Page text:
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Title: Deliberating with AI: Improving Decision-Making for the Future through Participatory AI Design and Stakeholder Deliberation
Research exploring how to support decision-making has often used machine learning to automate or assist human decisions. We take an alternative approach for improving decision-making, using machine learning to help stakeholders surface ways to improve and make fairer decision-making processes. We created "Deliberating with AI", a web tool that enables people to create and evaluate ML models in order to examine strengths and shortcomings of past decision-making and deliberate on how to improve future decisions. We apply this tool to a context of people selection, having stakeholders---decision makers (faculty) and decision subjects (students)---use the tool to improve graduate school admission decisions. Through our case study, we demonstrate how the stakeholders used the web tool to create ML models that they used as boundary objects to deliberate over organization decision-making practices. We share insights from our study to inform future research on stakeholder-centered participatory AI design and technology for organizational decision-making.  more » « less
Award ID(s):
2125858 2125692
NSF-PAR ID:
10463942
Author(s) / Creator(s):
; ; ; ; ;
Date Published:
Journal Name:
Proceedings of the ACM on Human-Computer Interaction
Volume:
7
Issue:
CSCW1
ISSN:
2573-0142
Page Range / eLocation ID:
1 to 32
Format(s):
Medium: X
Sponsoring Org:
National Science Foundation
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    What is already known about this topic

    Scholarly attention has turned to examining Artificial Intelligence (AI) literacy in K‐12 to help students understand the working mechanism of AI technologies and critically evaluate automated decisions made by computer models.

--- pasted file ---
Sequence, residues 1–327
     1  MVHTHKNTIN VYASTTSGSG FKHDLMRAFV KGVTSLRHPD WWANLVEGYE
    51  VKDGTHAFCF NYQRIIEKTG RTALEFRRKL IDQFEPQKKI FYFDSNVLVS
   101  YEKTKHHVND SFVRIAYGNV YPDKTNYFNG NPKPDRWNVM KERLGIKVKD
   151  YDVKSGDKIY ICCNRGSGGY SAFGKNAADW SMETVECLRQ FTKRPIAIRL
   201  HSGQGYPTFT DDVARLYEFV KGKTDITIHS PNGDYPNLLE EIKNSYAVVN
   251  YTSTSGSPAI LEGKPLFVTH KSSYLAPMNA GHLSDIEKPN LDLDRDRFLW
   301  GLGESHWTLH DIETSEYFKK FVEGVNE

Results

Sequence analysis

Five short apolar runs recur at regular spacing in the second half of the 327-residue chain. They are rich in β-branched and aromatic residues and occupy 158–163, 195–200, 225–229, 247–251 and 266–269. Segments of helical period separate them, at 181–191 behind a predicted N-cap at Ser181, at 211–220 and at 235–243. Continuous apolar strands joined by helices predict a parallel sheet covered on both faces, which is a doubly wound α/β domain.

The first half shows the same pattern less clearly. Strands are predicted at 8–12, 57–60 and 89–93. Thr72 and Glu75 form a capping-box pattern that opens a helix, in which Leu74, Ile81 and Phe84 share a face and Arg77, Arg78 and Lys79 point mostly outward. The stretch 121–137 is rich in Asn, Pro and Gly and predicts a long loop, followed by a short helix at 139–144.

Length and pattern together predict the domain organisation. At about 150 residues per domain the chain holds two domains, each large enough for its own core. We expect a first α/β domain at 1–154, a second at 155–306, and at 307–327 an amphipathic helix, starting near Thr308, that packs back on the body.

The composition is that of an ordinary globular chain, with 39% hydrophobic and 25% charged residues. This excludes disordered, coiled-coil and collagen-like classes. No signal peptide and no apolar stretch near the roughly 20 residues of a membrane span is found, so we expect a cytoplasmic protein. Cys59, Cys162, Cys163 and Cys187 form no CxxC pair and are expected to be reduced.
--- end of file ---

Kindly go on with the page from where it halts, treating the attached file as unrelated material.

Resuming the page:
While efforts have been made to engage students in understanding AI through building machine learning models with data, few of them go in‐depth into teaching and learning of feature engineering, a critical concept in modelling data.

    There is a need for research to examine students' data modelling processes, particularly in the little‐researched realm of unstructured data.

    What this paper adds

    Results show that students developed nuanced understandings of models learning patterns in data for automated decision making.

    Results demonstrate that students drew on prior experience and knowledge in creating features from unstructured data in the learning task of building text classification models.

    Students needed support in performing feature engineering practices, reasoning about noisy features and exploring features in rich social contexts that the data set is situated in.

    Implications for practice and/or policy

    It is important for schools to provide hands‐on model building experiences for students to understand and evaluate automated decisions from AI technologies.

    Students should be empowered to draw on their cultural and social backgrounds as they create models and evaluate data sources.

    To extend this work, educators should consider opportunities to integrate AI learning in other disciplinary subjects (ie, outside of computer science classes).

     
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